Since being sworn in as the Councilor representing Ward 8 in January 2019, Councilman James Taylor has made a tradition of holding Bingo nights for his elderly constituents.
In Ward 8, there are three high rises housing elderly community members along with two high rises that provide low-income housing. Because these high rises are home to a concentrated number of constituents with specific needs, Councilman Taylor makes a point to visit frequently.
“Bingo nights are an opportunity for me to engage with my constituents, and make sure their needs are being met in their building and their community, as well as a time for us to come together as a neighborhood and have fun,” said Councilman Taylor.
Snacks, gift cards, and raffles are available to all attendees so that everybody has a chance to win. Council staff member Stephanie Jourdain joins to call out bingo numbers and translate for Spanish speaking constituents. State Senator Ana Quezada and State Representative Scott Slater also often come to play bingo and address the needs of their constituents.
In addition to Bingo Nights, Councilman Taylor hosted barbecues at the two low-income housing high rises in his ward, where the residents are often much younger. He recently provided domino tables for their community rooms, which have been a big hit.
Councilman Taylor continued “The only time high rises are full with visitors is on Christmas and Thanksgiving. I want Ward 8 constituents of all ages and backgrounds to know that they are an important part of our community and I am here to help them year-round.”
Story by Abigail Appel, University of Rhode Island, City Council Communications Intern
Providence City Council Majority Leader Jo-Ann Ryan, (Ward 5) announced today that Eaton Street shall be returned to its original traffic pattern.
“Making our City streets safe and accessible to all is one of my top priorities,” stated Majority Leader Jo-Ann Ryan. “We need to balance all new initiatives with the needs of the surrounding community, particularly when it is a matter of public safety. After hosting two community meetings and hearing from a cross-section of the Elmhurst neighborhood where residents articulated their incisive observations with the Eaton Street traffic redesign, I am pleased to report that the Mayor has agreed with us.”
Majority Leader Ryan continued, “I want to thank my neighbors for working together to address these genuine issues of public safety. Our voices were heard loud and clear. Further, I also want to emphasize that my neighbors are not opposed to creating bike lanes on City streets. We simply ask the City administration to be mindful of the public engagement and vetting process.”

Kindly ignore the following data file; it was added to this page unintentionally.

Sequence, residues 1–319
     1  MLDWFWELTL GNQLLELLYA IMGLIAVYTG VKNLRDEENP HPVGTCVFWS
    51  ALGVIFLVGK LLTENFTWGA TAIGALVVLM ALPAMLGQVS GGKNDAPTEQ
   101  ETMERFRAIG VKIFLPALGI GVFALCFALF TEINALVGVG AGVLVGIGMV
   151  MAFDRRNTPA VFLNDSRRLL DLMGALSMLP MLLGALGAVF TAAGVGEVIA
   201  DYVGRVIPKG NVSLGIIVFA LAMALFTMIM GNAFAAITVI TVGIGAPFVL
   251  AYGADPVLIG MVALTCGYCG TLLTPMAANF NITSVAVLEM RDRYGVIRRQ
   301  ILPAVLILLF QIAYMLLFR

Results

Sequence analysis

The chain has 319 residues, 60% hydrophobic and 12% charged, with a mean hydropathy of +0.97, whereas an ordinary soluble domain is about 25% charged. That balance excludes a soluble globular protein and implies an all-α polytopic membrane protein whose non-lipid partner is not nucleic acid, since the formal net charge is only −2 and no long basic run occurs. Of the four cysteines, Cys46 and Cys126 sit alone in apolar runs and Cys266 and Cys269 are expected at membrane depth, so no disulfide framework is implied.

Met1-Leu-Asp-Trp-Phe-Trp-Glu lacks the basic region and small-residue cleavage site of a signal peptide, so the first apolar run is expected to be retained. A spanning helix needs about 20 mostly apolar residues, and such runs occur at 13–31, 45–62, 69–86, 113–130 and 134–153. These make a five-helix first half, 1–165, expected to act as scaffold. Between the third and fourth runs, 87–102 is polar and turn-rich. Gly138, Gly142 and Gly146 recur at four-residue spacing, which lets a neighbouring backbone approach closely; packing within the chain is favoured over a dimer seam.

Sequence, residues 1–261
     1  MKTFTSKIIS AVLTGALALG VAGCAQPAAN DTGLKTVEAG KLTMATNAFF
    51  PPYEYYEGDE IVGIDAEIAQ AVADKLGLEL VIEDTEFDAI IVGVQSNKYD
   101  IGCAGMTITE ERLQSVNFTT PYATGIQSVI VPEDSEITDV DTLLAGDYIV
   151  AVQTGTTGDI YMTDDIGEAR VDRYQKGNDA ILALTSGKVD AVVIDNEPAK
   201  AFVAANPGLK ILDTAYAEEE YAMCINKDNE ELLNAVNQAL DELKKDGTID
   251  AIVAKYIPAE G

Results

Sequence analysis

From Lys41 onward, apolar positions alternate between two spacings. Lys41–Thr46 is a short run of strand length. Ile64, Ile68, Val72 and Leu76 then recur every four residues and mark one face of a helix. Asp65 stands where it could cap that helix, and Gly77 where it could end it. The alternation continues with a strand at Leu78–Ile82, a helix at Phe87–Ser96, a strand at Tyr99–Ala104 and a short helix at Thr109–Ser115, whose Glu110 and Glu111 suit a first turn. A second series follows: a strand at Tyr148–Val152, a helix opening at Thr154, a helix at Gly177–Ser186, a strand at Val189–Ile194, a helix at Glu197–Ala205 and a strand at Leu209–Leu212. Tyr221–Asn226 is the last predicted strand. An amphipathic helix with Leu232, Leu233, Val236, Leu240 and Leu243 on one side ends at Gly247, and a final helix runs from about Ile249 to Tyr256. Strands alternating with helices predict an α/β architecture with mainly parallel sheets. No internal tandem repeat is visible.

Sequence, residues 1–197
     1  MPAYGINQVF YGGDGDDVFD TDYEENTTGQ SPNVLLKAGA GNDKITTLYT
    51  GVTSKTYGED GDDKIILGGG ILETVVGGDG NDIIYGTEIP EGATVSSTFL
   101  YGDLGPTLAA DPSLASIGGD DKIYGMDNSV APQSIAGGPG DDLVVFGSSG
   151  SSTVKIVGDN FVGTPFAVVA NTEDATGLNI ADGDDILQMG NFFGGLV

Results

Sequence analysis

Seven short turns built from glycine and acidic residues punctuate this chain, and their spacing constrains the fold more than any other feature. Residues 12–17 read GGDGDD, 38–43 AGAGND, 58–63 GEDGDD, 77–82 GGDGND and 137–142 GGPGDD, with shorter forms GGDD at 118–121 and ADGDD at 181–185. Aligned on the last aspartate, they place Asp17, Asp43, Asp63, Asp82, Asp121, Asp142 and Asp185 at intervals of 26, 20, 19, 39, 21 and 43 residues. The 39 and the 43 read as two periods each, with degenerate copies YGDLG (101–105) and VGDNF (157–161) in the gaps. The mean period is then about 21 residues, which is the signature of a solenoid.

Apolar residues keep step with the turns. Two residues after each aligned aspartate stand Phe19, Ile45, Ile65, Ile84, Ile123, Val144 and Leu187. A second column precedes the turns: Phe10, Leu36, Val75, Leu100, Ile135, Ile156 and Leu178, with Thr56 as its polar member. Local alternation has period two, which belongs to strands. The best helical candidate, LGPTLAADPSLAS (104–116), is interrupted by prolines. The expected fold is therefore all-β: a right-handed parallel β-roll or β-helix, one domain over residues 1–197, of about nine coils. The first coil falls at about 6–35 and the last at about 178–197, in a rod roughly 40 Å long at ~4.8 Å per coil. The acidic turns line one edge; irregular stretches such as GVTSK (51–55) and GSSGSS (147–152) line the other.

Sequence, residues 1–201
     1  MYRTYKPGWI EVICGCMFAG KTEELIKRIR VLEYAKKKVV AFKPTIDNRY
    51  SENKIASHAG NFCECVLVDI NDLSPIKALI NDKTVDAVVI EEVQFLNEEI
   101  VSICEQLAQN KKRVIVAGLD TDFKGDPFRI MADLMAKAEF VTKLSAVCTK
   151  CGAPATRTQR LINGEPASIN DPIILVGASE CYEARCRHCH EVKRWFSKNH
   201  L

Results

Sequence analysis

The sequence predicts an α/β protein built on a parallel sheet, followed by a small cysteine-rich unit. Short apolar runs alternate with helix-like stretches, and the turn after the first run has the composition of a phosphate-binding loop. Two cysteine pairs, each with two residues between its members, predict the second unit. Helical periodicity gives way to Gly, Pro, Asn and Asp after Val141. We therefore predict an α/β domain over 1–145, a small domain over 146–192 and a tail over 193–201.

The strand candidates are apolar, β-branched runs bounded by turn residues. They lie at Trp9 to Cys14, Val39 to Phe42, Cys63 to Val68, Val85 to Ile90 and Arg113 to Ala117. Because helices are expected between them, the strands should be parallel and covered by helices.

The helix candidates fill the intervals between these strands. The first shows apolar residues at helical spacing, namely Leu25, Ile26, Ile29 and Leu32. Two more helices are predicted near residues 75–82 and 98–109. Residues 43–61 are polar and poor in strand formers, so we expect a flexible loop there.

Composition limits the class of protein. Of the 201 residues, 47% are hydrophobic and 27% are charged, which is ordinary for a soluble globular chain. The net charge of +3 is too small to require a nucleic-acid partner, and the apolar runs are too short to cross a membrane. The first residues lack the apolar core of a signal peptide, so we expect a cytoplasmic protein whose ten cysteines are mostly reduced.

After several meetings with Mayor Jorge Elorza and his department Directors, Majority Leader Ryan was successful in convincing City officials to have Eaton Street returned to its original traffic pattern. The remedial work will commence in a timely fashion.
Ryan continued, “I applaud the Mayor’s vision for a City that is responsive to multimodal transportation. However, this plan that was rolled out for Eaton Street did not fit or serve this community’s needs. Please note, I want to genuinely thank Mayor Elorza and his Directors for their professionalism and their willingness to engage with us to reconsider this plan implementation.”
Therefore, due to these recent developments, the community meeting which was tentatively scheduled on October 2, 2019 at St. Pius V Church has been canceled.
As any additional information regarding this important community issue arises, such news will be shared here on the City Council web page and on social media.
Senior Deputy Majority Leader Nicholas J. Narducci Jr. (Ward 4) today was on site where work is beginning on the Hawkins Street Bridge Restoration Project.
“The closing of the Hawkins Street Bridge has caused many issues in our neighborhood,” stated Senior Deputy Majority Leader Nicholas J. Narducci Jr. “I am happy to report that the first phase of this project is beginning. Crews were on site today to remove trees and brush to make way for the rebuilding project. Although the bridge will not be reopened for some time, this is a positive step.”
Hawkins Street Bridge was closed to traffic in October of 2017 after the Rhode Island Department of Transportation found significant deterioration on several of the support beams. Narducci continued, “The closure has not only impacted residents but many businesses in the neighborhood. I have been an outspoken advocate working with the City and the State to get the bridge work done. I want to thank RIDOT and the City for working to get this bridge fixed for our residents.”
As work progresses Senior Deputy Majority Leader Narducci will provide updates on the status of the project.
City Council President Sabina Matos (Ward 15) and Council President Pro Tempore Michael Correia (Ward 6) tonight introduced a resolution that creates a special commission to study a progressive tiered property tax in the city of Providence.